The Governing Council of the Community of Madrid has approved this week the declaration as an Asset of Cultural Interest (BIC), in the category of cultural landscape, of the Dehesa de Sotomayor and Casa de la Monta complex, in Aranjuez, for its historical value, environmental and architectural.
La Dehesa de Sotomayor is a natural space “with great environmental and botanical interest”. Likewise, he has defended that it is of “remarkable importance due to its historical evolution”, which dates back to the end of the 15th century.
Since then, it has maintained outstanding values such as farming and hunting, in addition to preserving architectural elements, which makes the site an example of a Cultural Landscape.
Interior of the Casa de la Monta Community of Madrid
The Dehesa de Sotomayor remained in the hands of the Crown, but in the time of Alfonso XII its main use became agricultural and the lands were leased, until the State assumed its exploitation in 1943. In 1993, the farm was ceded by National Heritage to the Community of Madrid.
In addition to the Casa de la Monta, other buildings are linked to the Dehesa de Sotomayor, such as the Embocador Dam, the Sotomayor or Aves Canal, the Aves street or the Sotomayor Houses.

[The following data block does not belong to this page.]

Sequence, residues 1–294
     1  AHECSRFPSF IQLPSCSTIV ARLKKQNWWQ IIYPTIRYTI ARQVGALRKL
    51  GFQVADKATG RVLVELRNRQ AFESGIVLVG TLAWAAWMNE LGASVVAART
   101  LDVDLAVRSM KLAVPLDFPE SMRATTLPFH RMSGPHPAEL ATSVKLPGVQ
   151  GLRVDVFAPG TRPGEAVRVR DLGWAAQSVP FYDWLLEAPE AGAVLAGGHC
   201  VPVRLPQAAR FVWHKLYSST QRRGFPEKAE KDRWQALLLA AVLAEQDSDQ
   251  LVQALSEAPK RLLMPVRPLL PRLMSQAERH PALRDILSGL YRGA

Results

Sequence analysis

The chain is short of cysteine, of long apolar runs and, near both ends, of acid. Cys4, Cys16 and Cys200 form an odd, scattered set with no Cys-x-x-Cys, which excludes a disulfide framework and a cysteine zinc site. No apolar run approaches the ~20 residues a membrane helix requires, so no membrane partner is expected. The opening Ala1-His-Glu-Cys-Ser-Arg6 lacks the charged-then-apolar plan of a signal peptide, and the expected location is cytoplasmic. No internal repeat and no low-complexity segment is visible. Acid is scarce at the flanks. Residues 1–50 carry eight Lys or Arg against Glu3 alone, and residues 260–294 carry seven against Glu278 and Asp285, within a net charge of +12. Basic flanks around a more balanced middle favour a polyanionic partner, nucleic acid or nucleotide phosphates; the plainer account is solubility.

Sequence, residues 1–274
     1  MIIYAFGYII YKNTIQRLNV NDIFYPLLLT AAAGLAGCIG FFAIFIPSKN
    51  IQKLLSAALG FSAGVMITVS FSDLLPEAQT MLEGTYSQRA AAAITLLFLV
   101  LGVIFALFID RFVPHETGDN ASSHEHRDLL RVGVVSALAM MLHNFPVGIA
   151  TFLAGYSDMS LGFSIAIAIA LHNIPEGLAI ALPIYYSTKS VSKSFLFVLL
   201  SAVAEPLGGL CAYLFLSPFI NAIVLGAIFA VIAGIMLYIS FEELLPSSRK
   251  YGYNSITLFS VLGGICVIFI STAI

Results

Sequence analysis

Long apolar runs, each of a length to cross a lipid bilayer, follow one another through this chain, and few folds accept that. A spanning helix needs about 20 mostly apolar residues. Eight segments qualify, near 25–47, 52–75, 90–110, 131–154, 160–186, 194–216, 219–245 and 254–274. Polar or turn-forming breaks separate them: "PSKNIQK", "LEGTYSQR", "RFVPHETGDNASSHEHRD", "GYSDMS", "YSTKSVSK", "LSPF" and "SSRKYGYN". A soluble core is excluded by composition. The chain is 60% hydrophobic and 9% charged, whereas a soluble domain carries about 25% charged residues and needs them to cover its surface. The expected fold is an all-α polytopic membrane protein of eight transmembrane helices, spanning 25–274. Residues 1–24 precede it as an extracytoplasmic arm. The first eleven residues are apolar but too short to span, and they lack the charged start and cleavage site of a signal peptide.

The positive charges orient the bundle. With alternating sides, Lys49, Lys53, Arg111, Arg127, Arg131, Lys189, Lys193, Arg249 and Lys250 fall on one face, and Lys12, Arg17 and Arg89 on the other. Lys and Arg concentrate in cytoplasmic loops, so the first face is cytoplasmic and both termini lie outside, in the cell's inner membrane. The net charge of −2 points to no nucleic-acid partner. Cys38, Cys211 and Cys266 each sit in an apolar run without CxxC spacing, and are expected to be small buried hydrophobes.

During the reign of Carlos I, the Dehesa de Sotomayor became part of the Crown, forming part of the Heredamiento de Aranjuez first, and then the Royal Site of Aranjuez.
Already then these lands were considered rich in pastures and appropriate for the breeding of horse and mule cattle, which acquired a particular role in the area.
Felipe II gave the territory of Aranjuez its definitive shape with a new arrangement of the landscape that involved the construction of a new palace and tree-lined walkways, but also orchards and gardens and an important network of canals to irrigate these lands. Thus, horse breeding was promoted, when the royal stud was established, under the authority of the head stableman.
In 1746, Fernando VI ordered to prioritize the pastures and meadows of Aranjuez for the breeding of horses, reaching the royal stud to 600 copies.
During the reign of Carlos III, Aranjuez was configured as an ideal agricultural exploitation according to enlightened criteria, including, among other purposes, land dedicated to horse breeding that was located in the Dehesa de Sotomayor.
The Monta house
The increase in the number of copies made it necessary to expand the facilities for their care, and the Casa de la Monta was then built, the project of which was approved in 1761 and whose work is attributed to Jaime Marquet, a French architect, also author of the Royal Post Office, headquarters of the Presidency of the Community of Madrid.
The Casa de la Monta has a large quadrangular plan and is made up of four one-story bays, which make up a large space divided into two patios.
The complex housed stables with their different dependencies, but also the homes of the yegüeros, and even pavilions for the monarchs.